Being a professional translator is a very specific career. It takes much more than just the linguistic knowledge, no matter how advanced, in order to be successful in this industry. Although each year a large number of students graduate from language related courses and hope to take the industry by storm, they are, too often, hit with the harsh reality of working as a translator.
Although a school/university can prepare the young linguists to a certain point and give them a good insight into the industry, in reality, it is only through actually working as a translator that a person will be able to realise and determine whether this is something that they wish to (and are able to) do professionally. Indeed, it is a well-known fact among linguists that only people who truly love the job will be able to keep up with it.
Keeping the recently graduated linguists in mind, as well as those who are thinking about becoming a professional translator in the future, we have created a short list of aspects which your degree or course might not prepare you for.
Although the fact that the translation industry is competitive isn’t a secret, many newly qualified or registered linguists do not fully realise just how competitive. This can be especially true for linguists covering document translations of some of the more popular languages such as French, German, Italian, Polish or Spanish.
Linguists working in these common languages compete based on a number of factors, not only price and accuracy, but also their in-depth knowledge of a given subject/sector or turnaround times. Due to such competitiveness, it is essential that translators create a good working relationship with clients or agencies as in many cases this will allow them to receive continuous work in the long term.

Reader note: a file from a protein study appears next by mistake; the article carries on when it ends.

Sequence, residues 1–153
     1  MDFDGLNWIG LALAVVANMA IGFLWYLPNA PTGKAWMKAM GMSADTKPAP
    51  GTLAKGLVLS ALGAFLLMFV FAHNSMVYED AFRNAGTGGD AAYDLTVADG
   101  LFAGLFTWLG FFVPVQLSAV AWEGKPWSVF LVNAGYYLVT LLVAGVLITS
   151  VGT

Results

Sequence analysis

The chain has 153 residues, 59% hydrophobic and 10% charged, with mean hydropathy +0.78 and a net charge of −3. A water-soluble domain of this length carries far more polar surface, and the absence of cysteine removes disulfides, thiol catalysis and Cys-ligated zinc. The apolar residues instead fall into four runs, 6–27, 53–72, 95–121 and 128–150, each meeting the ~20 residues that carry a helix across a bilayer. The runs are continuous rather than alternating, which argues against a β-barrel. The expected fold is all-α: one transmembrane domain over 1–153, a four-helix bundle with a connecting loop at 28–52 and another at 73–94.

2. Difficult to start
One of the biggest challenges for newly qualified linguists is establishing their name within the industry and finding reliable and trustworthy customers, whether working independently or directly with a translation agency. Before a customer/agency puts their trust in your expertise, you’ll have to prove to be an expert translator within both; linguistic and sector knowledge.
There are many ways in which you can do just that. A good place to start is this blog where you can learn in-depth strategies and ways to create your personal brand, which will ultimately allow you to become a successful translator.
3. Responsiveness matters
Translation industry is an extremely dynamic place. Here, turnaround times and responsiveness really matter and can make a big difference to the amount of work a linguist receives. Making sure that you are able to respond to your clients swiftly is essential as in such competitive and highly qualified environment clients often work on ‘first come, first served’ basis.
4. Extremely busy
Translators who manage to establish their name within the industry and find reliable clients are often flooded with work. Although this is what many aims for when starting their translation career, more experienced linguists will be able to tell you that oftentimes this can be a real problem. With tight deadlines and work piling up, being able to successfully manage workflow can be a great virtue for any translator.
5. Good idea to specialise
When choosing a translator for a particular project, often, linguistic capabilities are one of two key aspects considered by clients or translation agencies. Expertise within a particular sector, whether legal, marketing or medical, is the other. Translators who specialise in a particular area and can demonstrate their in-depth knowledge are greatly appreciated.
6. You must truly love what you do
As you can see, being a professional translator can be challenging, especially for the newly qualified linguists who are only just starting their professional journey. Although rewards for the most talented and reliable translators can be fantastic, the challenges of the job can take a toll and make you question your career path. This is the reason why only people who truly love what they do will be able to work as a qualified linguist in the long-run and progress through this career.